IV. Church and Religion

     Religion is secondary, or, perhaps closely intertwined, with the importance designated to the home in the Dominican perspective. The three Dominican boys who helped us collect research for this project attests to that; we came upon the high-school age trio as they were leaving confession at the Church of the Incarnation, an old stone Roman Catholic church along St. Nicholas Boulevard. They indicated that religion was a telling characteristic when ascertaining a person's Dominican identity, and instructed us to take notice of the passerby in front of the church. Those who did not bless themselves as they passed were probably not Dominican, they stated, and we watched patiently as the majority of the crowd did, indeed, bless themselves as they walked by the church.

      Dominicans mainly profess to be Roman Catholics; a small percentage are Protestants and a mere 1 percent are Spiritists. In keeping with the conservative beliefs of the Roman Catholic faith, then, it is not surprising the opinions held by the boys concerning homosexuality, an idea which they introduced and adamantly rejected. They gave no specific reason as to why, suggesting that their repugnance is the result of emotion and morality rather than one of conventional logic. Their presence in the church at all on a sunny weekday afternoon implies considerable devotion to their faith, as well as to the presumed dedication of other Dominicans, many of whom stopped by to say a prayer and light a candle.

      The church itself was stocked with missals in Spanish-only a handful of English missals were available-and the statue of the Virgin Mother, Mary, at the altar, read "Maria," the Spanish version of her name. Other saints and statues stood behind Spanish versions of their name, evidence that religion is a revealing marker of linguistic significance, and that, in this community, Spanish, not English, holds the upper hand.

V. Schools

      Education is a top priority in the Dominican mentality; the researcher Anne Canty says that the community views education as a channel through which one can progress and move upward in life , and this opinion allows schooling to take some precedence in a child's life. English is spoken in both public and private schools; passage through the grade levels, and certainly, any honors to be received, are heavily dependent on a child's ability to communicate clearly and effectively in English. As in most New York City public schools situated in densely-ethnic, native-speaking communities, bilingual classes are available, but two high school boys and one elementary school boy spoke dismissively about them, waving them off as a kind of pathetic option for those "fresh off the boat." The older boys in particular identified English with being American, and Spanish with being Dominican, two cultures of which they were both very much a part and between which they moved freely, depending on the location, but agreed that a grasp of English, even in the dominantly Dominican community, was a necessity, not an option.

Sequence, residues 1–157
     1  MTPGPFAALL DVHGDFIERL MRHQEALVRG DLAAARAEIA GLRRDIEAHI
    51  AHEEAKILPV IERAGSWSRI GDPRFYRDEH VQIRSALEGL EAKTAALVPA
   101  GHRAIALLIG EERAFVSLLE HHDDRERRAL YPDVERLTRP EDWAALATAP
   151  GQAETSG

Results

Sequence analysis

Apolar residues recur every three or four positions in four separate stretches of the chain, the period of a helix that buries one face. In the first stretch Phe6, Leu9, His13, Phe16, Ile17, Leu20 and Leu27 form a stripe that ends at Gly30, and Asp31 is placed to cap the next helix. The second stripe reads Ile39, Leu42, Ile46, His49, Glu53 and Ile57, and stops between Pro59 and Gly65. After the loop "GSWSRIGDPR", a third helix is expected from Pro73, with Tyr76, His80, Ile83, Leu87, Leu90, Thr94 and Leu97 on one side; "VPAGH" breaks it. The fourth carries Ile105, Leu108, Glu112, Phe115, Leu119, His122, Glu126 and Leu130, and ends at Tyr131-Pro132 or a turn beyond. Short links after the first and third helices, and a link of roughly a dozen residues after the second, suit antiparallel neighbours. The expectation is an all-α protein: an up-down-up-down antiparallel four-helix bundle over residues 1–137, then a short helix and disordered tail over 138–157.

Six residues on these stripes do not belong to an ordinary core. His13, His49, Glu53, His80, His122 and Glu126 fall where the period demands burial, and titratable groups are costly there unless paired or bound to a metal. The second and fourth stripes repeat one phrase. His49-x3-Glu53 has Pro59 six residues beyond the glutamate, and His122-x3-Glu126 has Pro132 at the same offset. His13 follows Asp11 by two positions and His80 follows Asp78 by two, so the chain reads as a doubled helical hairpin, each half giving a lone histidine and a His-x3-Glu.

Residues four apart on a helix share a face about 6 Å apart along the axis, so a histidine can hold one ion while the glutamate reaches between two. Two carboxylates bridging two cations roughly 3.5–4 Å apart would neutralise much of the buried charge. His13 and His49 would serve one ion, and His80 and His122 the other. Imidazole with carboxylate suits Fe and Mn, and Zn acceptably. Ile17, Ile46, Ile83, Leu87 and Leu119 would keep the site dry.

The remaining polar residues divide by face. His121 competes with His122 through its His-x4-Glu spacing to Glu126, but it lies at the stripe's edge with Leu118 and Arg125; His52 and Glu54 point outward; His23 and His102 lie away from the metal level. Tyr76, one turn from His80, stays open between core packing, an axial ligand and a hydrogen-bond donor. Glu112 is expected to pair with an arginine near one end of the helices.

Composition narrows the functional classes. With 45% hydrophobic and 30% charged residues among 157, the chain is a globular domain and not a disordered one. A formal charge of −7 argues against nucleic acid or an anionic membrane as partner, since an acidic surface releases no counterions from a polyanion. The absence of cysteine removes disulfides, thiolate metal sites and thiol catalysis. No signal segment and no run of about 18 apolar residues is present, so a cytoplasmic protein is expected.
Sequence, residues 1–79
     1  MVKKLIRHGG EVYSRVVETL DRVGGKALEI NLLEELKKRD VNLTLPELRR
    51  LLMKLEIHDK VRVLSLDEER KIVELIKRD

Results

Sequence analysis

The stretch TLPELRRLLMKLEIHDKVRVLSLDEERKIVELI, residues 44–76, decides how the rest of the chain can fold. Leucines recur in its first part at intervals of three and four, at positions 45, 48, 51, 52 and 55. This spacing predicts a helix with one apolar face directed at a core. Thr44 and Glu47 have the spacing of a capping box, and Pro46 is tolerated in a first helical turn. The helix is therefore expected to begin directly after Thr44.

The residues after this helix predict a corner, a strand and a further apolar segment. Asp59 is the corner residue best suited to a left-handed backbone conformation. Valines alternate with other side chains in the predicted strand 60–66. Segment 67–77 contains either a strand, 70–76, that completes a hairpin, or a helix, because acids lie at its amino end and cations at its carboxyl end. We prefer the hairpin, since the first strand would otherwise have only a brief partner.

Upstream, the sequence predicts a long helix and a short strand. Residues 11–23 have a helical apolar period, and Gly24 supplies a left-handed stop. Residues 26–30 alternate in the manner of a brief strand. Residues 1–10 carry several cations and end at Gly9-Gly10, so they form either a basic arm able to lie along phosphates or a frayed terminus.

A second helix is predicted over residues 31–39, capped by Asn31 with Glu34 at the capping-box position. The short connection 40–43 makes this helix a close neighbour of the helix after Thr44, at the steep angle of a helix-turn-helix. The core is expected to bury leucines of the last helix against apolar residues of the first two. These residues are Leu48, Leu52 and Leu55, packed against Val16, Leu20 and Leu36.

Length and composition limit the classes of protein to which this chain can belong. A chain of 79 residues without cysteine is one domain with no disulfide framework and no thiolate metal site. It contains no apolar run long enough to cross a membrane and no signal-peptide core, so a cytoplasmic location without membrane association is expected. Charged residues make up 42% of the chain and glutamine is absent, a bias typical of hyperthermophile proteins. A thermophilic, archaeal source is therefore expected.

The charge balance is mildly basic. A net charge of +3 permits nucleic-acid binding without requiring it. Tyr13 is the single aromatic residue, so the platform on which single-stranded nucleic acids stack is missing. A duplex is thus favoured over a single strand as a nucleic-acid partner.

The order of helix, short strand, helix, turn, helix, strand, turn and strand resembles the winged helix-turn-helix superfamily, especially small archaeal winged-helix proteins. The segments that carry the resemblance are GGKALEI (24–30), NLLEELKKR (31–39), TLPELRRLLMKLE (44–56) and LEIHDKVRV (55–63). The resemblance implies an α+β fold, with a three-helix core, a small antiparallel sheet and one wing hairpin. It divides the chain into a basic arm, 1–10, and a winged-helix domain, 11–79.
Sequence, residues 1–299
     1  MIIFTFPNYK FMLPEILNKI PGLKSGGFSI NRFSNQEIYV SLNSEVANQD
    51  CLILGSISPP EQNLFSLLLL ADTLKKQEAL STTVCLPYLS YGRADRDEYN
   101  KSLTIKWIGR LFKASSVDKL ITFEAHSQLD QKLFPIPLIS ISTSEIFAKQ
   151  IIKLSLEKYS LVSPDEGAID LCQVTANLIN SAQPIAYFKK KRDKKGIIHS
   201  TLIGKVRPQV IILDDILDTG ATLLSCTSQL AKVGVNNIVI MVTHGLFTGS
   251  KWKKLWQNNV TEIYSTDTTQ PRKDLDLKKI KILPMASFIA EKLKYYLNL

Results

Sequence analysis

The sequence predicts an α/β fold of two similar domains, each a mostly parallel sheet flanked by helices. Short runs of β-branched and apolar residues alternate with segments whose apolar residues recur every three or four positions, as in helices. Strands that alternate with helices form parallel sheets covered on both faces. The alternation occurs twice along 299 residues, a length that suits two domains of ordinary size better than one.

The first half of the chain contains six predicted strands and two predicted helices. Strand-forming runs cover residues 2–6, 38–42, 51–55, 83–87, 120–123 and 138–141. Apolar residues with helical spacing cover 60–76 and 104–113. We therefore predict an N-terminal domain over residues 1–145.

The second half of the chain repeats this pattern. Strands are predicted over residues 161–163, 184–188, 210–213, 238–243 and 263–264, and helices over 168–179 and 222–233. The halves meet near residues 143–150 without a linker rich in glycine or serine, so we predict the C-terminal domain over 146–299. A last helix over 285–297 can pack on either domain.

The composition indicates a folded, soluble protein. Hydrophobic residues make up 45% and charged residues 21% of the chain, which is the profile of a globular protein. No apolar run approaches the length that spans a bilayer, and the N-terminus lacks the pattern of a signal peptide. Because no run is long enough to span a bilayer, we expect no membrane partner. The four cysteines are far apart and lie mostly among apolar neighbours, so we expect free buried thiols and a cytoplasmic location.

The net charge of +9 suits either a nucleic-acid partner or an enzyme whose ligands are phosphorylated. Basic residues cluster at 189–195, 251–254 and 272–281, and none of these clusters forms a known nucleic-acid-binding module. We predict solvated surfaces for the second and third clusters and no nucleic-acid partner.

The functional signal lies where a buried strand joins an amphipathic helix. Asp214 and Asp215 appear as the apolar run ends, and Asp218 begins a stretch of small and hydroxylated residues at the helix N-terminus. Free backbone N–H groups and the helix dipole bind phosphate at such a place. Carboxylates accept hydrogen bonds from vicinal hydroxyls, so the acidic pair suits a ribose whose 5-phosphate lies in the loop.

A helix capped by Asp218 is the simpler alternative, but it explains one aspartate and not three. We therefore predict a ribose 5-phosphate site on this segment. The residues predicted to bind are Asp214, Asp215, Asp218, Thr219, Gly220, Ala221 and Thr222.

It is a bit surprising to learn that the New York State Regents Exam, the annual set of tests administered to high school students to qualify them for graduation, is available in Spanish-that is, one can pass the test in Spanish and be awarded a diploma, not having known enough English to pass in English. Retired New York City high school teacher Maria Sanchez notes that the Spanish option was, perhaps even more surprisingly, not frequently utilized . Most people are unaware that many Spanish-speakers are hindered by illiteracy in their native tongue, and unable to fully comprehend the formal Castilian Spanish-not the dialect under which they were reared-in which the tests are given.

VI. Politics

      The influence of the Latin voting bloc has swelled in recent years, and so too has the need to accurately represent them. Census 2000 data show clear segregation between Hispanic and non-Hispanics, a trend which is becoming increasingly popular . The average Hispanic now lives in a neighborhood that is 44 percent Hispanic, making him the largest minority . Washington Heights is a case in point: a district divided into one overwhelmingly Hispanic majority and another large mixed population, it elects two city councilmen to best address the needs of the diverse area. Guillermo Linares is the first Dominican-American to be elected to public office; he appropriately represents Spanish-speaking constituents and makes his office in Washington Heights. The other councilman, Stanley E. Michels, is a non-Hispanic whose main concentration concerns those voters outside the Dominican community, in Harlem, Central Park North, and non-Spanish-speaking portions of Washington Heights. Linares' projects are generally geared toward his Hispanic constituents, and he consistently seeks to better education and sharpen focus on the bilingual skills of Hispanic-Americans. His platform is so predictable, perhaps, because his ethnicity lends him a more extensive understanding of the issues troubling Dominicans, as well as the linguistic capability to best communicate to them the limitations of what he can and cannot do. That facility with Spanish is a political asset that boosts his credibility and support among Dominican voters. The oldest of our three guides offered the same trusting opinion about Puerto Rican mayoral candidate Fernando Ferrer, who is, not coincidentally, perhaps, endorsed by Linares. The unity among Hispanics, culturally and linguistically, ought not to be underestimated: signs attached to lamp posts and telephone poles in Washington Heights rally passerby to elect another Dominican to office. There is no mention of his platform or agenda, maybe because it does not matter as much as his ethnicity and native tongue. That Hispanic sense of camaraderie, the protective nature, and the deep sense of family and obligation to one's own are gaining increasingly prominent roles in the political arena as these qualities become the qualifications which make a candidate appealing.